Class 4.2 - Substances liable to spontaneous combustion

Class 4.2 dangerous goods and flammable liquids are incompatible. These two classes of dangerous goods must not be kept together when stored. If class 4.2 and class 3 dangerous goods have to be kept in the same store, they must be segregated by at least 5 metres.

Class 4.3 - Dangerous when wet

Class 4.3 dangerous goods and flammable liquids are also incompatible. These two classes of dangerous goods should not not be kept together. Class 4.3 dangerous goods and flammable liquids have the potential to react dangerously and harm people and property. If these two incompatible substances have to be kept in a common dangerous goods store, they must be segregated by at least 5 metres.

Class 5.1 - Oxidising agents

Oxidising agents and flammable liquids will react dangerously. If flammable liquids are going to combust, they require a continuous supply of oxygen. In a combustion reaction, oxidising agents provide the necessary oxygen for flammable liquids to combust. Oxidising agents and flammable liquids must never be kept in a common store. Oxidising agents and flammable liquids can only be stored in a similar store if the flammable liquids and oxidising agents are separated by at least 5 metres using a vapour barrier. The spill containment sump for the flammable liquids and the oxidising agents must also be separate compounds.

Class 5.2 - Organic peroxides

Organic peroxides and flammable liquids will react dangerously. Class 5.2 dangerous goods must be isolated from flammable liquids and stored in separate dangerous goods storage facilities. This isolated storage can be achieved by using relocatable chemical storage containers or indoor chemical storage cabinets.

Class 6.1 - Toxic Substances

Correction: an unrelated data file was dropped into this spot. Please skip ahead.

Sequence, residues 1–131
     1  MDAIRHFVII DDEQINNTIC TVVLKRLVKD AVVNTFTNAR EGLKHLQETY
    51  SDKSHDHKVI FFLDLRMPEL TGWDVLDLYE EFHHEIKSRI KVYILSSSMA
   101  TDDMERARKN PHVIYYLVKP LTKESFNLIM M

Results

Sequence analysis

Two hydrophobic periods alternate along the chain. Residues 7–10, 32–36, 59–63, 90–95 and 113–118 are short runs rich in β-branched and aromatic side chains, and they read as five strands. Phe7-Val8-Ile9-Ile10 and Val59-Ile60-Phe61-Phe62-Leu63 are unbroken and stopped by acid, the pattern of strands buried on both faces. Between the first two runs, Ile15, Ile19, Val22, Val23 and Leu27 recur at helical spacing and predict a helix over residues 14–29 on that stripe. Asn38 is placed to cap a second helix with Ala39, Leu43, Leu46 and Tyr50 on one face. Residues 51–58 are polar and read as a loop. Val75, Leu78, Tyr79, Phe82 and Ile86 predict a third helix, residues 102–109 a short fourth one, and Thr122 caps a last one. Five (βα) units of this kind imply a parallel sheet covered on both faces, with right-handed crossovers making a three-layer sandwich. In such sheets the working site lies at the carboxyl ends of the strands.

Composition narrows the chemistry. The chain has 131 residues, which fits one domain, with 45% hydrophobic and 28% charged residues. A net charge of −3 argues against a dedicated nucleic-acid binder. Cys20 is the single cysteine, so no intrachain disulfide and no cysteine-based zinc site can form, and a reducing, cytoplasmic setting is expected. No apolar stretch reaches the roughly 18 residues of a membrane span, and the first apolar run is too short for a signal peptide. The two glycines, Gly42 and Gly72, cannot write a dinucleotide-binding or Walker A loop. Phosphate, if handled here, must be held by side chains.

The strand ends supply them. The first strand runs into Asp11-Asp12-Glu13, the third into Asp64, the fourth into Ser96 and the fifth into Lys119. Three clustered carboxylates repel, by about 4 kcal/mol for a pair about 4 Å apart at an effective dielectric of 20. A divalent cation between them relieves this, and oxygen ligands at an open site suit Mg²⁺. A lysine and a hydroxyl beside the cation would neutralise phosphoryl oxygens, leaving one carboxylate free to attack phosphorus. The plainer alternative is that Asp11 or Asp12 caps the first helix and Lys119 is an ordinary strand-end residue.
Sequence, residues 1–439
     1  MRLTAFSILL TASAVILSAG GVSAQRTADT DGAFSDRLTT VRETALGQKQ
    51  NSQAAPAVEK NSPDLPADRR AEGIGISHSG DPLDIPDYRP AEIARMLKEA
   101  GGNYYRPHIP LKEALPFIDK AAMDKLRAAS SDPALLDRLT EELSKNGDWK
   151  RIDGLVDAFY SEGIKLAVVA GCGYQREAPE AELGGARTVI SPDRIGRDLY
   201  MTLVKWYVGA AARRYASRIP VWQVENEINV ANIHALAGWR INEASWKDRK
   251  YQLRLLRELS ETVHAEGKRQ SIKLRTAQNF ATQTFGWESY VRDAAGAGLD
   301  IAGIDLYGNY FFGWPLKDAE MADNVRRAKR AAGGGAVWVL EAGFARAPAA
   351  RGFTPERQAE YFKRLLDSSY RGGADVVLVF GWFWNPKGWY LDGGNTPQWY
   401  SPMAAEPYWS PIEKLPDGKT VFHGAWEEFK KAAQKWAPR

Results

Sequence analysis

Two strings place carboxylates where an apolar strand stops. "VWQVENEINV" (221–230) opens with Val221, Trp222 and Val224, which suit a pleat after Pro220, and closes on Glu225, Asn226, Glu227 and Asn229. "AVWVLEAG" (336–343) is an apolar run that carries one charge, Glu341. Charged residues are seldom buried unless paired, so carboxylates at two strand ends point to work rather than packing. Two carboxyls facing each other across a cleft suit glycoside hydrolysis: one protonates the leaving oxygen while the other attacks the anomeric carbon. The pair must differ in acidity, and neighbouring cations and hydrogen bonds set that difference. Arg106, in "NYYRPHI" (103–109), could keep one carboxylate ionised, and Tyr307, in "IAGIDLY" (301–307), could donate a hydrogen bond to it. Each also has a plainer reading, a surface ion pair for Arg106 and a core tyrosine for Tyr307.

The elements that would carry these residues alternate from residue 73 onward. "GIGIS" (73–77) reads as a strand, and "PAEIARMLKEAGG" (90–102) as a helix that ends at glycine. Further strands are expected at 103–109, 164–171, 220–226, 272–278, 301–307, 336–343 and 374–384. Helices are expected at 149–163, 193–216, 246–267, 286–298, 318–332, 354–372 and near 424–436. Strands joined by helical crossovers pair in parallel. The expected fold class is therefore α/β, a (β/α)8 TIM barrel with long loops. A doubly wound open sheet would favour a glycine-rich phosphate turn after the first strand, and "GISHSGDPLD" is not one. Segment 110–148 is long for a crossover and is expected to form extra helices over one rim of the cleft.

Toxic substance and flammable liquids are incompatible. These two classes of dangerous goods must not be kept together. If flammable liquids and toxic substances have to be kept in a common dangerous goods storage facility, they must be kept apart by at least 3 metres.

Class 8 - Corrosive substances

Corrosive substances and flammable liquids are also incompatible. Class 8 and class 3 dangerous goods must not be stored together. If these two incompatible classes of dangerous goods have to be stored in a common dangerous goods store, they must be kept apart by at least 3 metres.

Next Steps

As Class 3 flammable liquids will react dangerously with a number of other dangerous substances, it’s very important that you apply the rules of segregation when you are storing flammable liquids with other classes of dangerous goods. If you would like a free dangerous goods segregation chart to help identify which classes of dangerous goods require segregation, go ahead and download our free dangerous goods segregation chart by clicking on the image below 👇.  

Dangerous Goods Segregation Chart

Walter Ingles

Walter Ingles Compliance Specialist

Walter is STOREMASTA’s Dangerous Goods Adviser. He loves helping businesses reduce the risk that Dangerous Goods pose upon their employees, property and the environment through safe and compliant dangerous goods storage solutions.